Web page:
• Deepak Chopra, MD, FACP, Founder, The Chopra Foundation; Co-Founder, Center for Wellbeing
  • Jeff Arnold, Founder and CEO of Sharecare
  • Michael Johnson, American sprinter, Olympic gold medalist, eight-time World Champion
  • Katrina Adams, Chairman of the Board, CEO and President of the USTA
  • Annika Sorenstam, professional golfer
  • Charles Woodson, ESPN analyst and NFL Hall of Famer
  • Steven Krein, Co-founder and CEO of StartUp Health
  • Kevin Hagan, CEO of the American Diabetes Association
  • Frans Johannson, Founder and CEO, The Medici Group
  • Sean Nolan, President and CEO of AveXis

The three-day symposium, developed by the Lake Nona Institute, is an invitation-only event inspired by the Aspen Institute, TED Conferences and the Clinton Global Initiative platforms. The event is set in Lake Nona, a 17-square-mile integrated, master-designed community in Orlando, home to one of the fastest-growing health and life sciences clusters in the nation and a model for the design of a comprehensive, healthy community that is the current focus of a longitudinal study by Johnson & Johnson Health & Wellness known as the Lake Nona Life Project.

To help develop innovative solutions to challenges in achieving optimum health and related technology, the 2017 Lake Nona Impact Forum is hosted at the health and life sciences cluster of Lake Nona Medical City; host venues include the Orlando VA Medical Center, University of Central Florida College of Medicine, the University of Florida Research & Academic Center, and the GuideWell Innovation Center.

The 2017 Lake Nona Impact Forum is presented by Johnson & Johnson, along with Founding Sponsors: Cisco, Edyth Bush Charitable Foundation, GuideWell Innovation, Sharecare, and Tavistock Foundation; Impact Sponsors: KPMG, Integrated Wellness Partners, Technogym, Florida Hospital, and Citibank; Medical City Partners: Nemours Children’s Health System, University of Central Florida College of Medicine, UF Health; and Contributing Sponsors: Dr. Phillips Charities, PepsiCo, Roche, the United States Tennis Association, Tavistock Life Sciences and the Mayo Clinic.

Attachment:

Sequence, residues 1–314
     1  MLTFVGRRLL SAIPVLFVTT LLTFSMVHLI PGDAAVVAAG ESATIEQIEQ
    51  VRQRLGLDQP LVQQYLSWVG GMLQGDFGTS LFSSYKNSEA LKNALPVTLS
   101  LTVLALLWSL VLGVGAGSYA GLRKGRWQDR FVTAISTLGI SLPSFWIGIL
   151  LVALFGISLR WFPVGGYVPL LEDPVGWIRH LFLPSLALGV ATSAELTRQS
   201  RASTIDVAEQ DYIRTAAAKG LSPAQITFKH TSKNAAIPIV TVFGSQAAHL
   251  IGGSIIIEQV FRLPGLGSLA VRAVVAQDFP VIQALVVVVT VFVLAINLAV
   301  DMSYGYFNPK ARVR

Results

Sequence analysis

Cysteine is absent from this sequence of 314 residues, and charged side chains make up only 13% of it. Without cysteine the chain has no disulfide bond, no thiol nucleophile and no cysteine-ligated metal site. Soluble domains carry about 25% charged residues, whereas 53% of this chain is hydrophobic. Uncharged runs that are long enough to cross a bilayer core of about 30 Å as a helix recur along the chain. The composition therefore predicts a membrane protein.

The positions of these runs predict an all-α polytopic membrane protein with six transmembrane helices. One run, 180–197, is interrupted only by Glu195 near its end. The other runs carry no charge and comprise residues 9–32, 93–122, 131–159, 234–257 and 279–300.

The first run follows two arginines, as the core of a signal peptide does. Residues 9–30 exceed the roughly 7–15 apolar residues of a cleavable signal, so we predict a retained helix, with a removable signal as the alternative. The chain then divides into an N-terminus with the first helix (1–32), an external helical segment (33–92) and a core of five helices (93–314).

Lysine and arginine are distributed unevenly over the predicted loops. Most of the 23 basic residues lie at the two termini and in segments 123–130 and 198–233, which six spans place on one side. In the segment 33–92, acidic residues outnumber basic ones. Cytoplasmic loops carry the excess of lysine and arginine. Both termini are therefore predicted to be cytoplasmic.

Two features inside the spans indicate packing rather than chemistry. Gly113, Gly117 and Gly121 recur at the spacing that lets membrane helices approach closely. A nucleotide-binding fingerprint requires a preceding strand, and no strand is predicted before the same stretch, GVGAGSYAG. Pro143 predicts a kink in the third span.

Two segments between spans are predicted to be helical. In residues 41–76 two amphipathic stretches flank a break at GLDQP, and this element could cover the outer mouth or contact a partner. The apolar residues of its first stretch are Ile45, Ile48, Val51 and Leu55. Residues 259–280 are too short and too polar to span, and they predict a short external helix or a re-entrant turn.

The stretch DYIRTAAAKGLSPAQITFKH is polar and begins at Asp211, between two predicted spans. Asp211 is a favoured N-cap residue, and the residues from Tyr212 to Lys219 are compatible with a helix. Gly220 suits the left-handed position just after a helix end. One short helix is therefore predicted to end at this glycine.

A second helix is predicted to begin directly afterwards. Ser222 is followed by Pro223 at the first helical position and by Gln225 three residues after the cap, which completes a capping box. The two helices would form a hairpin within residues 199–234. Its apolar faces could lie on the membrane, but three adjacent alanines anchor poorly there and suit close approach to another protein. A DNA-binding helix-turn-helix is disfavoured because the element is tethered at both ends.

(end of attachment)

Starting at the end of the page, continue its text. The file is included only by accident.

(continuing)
To learn more about the Lake Nona Impact Forum and the Lake Nona Institute, visit www.LakeNonaImpactForum.org and www.LakeNonaInstitute.org.  Follow us on Twitter at @LN_ Institute and at Facebook.com/LakeNonaInstitute. You can also join the conversation online using the hashtag #LNIF17.

Leaders Who Learn: The Lake Nona Experience

By Jeff Arnold

*Blog post originally appeared on Sharecare.com

As I mentioned in my blog last week, we’re in the midst of a very busy – and inspiring – time to work in digital health. Last Thursday and Friday were no exception as I had the good fortune to spend time with some of the most well respected voices in health at the Lake Nona Impact Forum. From CNN’s Dr. Sanjay Gupta to Johnson & Johnson worldwide chairman Sandi Peterson and Deepak Chopra to name a few, the roster of speakers was impressive. However, it’s refreshing – and unique – to see such respected thought leaders in the audience listening to other speakers. Everyone attends the Impact Forum to participate, including someone I had the pleasure to interview on stage, Dr. David Satcher.

The 16th Surgeon General of the United States, former director of the CDC and founder of theSatcher Health Leadership Institute, Dr. Satcher spent far more time listening at the Impact Forum than he did talking – but when he spoke, he made it count. At one point during our fireside chat, he articulated a very complex concept in the simplest of language: “Talent is distributed evenly. Opportunities are not,” and explained that it is our collective responsibility to ensure opportunities are, in fact, evenly distributed when it comes to healthcare.

Dr. Satcher’s comments are a strong reminder of why we built Sharecare: to provide all people with the health information and tools they need, anytime, anywhere and on any device.

Photo Credit: AP Photography

Original Blog post:https://www.sharecare.com/user/jeff-arnold/blog/post/leaders-who-learn-the-lake-nona-experience